The Portland Police Bureau has adopted a policy of deescalation when dealing with encounters with people who exhibit “characteristics” consistent with mental illness, The Oregonian reports.
According to the new policy, police “are not expected to diagnose mental or emotional conditions, but are expected to recognize behaviors that are indicative of persons affected by mental illness or in crisis, with a special emphasis on those that suggest potential violence and/or danger.”
If officers judge that the person is suffering from a mental illness or is in an acute state of crisis, instead of confronting them, they are strongly encouraged to disengage and reevaluate the situation with the assistance of a supervisor or a member of the Enhanced Crisis Intervention Team (ECIT).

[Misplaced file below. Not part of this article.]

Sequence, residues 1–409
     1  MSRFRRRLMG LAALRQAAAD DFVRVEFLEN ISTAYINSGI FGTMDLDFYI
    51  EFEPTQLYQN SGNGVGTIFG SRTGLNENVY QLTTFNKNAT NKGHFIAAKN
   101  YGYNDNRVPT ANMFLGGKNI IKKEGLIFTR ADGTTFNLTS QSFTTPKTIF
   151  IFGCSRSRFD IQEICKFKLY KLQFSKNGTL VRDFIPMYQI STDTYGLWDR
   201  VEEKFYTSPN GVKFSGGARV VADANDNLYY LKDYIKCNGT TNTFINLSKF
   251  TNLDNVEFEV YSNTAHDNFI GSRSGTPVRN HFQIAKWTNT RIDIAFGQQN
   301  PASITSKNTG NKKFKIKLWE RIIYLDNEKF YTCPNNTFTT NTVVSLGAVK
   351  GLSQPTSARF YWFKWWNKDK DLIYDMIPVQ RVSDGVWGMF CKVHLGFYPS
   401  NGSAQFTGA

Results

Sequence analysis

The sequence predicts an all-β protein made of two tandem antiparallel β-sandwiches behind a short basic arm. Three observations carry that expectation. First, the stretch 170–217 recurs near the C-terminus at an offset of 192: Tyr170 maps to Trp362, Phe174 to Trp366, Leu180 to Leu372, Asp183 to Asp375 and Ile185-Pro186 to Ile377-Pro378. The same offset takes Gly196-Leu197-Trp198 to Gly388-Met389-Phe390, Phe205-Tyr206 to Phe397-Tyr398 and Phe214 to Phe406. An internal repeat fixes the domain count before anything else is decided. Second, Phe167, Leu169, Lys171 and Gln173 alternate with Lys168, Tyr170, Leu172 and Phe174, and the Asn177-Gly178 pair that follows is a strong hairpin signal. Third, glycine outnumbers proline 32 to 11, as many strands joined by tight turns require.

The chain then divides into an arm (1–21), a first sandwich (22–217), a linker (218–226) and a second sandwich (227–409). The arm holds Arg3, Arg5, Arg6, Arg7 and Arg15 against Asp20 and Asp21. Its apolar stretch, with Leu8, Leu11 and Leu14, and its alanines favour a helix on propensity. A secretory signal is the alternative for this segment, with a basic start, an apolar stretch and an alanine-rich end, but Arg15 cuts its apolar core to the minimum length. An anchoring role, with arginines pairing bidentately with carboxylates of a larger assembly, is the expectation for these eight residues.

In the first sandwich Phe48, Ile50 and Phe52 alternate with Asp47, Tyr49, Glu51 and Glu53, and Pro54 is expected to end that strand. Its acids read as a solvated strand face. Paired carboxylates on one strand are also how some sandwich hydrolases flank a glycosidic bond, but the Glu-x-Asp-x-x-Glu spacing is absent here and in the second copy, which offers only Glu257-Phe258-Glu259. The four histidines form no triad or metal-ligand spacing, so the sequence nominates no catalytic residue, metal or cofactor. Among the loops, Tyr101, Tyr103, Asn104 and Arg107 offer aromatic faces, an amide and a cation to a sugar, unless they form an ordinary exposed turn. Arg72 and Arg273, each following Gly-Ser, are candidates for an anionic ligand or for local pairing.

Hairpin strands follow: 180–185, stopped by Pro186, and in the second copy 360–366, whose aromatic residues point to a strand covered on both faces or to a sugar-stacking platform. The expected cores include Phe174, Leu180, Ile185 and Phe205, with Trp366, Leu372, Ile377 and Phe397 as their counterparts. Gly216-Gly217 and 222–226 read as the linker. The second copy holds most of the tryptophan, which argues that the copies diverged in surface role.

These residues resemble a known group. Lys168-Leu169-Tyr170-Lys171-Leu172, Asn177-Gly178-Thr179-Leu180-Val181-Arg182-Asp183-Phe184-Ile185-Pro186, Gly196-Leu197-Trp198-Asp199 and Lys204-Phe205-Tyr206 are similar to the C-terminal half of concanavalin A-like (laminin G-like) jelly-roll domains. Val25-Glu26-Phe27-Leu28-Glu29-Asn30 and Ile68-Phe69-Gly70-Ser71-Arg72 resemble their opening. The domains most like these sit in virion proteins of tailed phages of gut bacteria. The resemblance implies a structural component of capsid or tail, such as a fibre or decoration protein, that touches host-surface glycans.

“Non-engagement or disengagement are tactics that can be used if the member determines that contact or continued contact with the person will result in an undue safety risk to the person, the public and/or members,” the new policy states.
“A police report will be written documenting the following: details of the call; reasons for non-engagement or disengagement; actions taken to deescalate the situation; actions taken to promote safety; follow up plans and referrals made, and whether the address is flagged” in a database containing the names of people who have previously had mental episodes.
The database will purged after 10 years if the individual has no further contact with the police.
The new policy comes on the heels of a number of incidents nationwide in which individuals who were clearly manifesting signs of mental illness were shot and killed by officers who lacked the training or guidelines required to deal with people in crisis.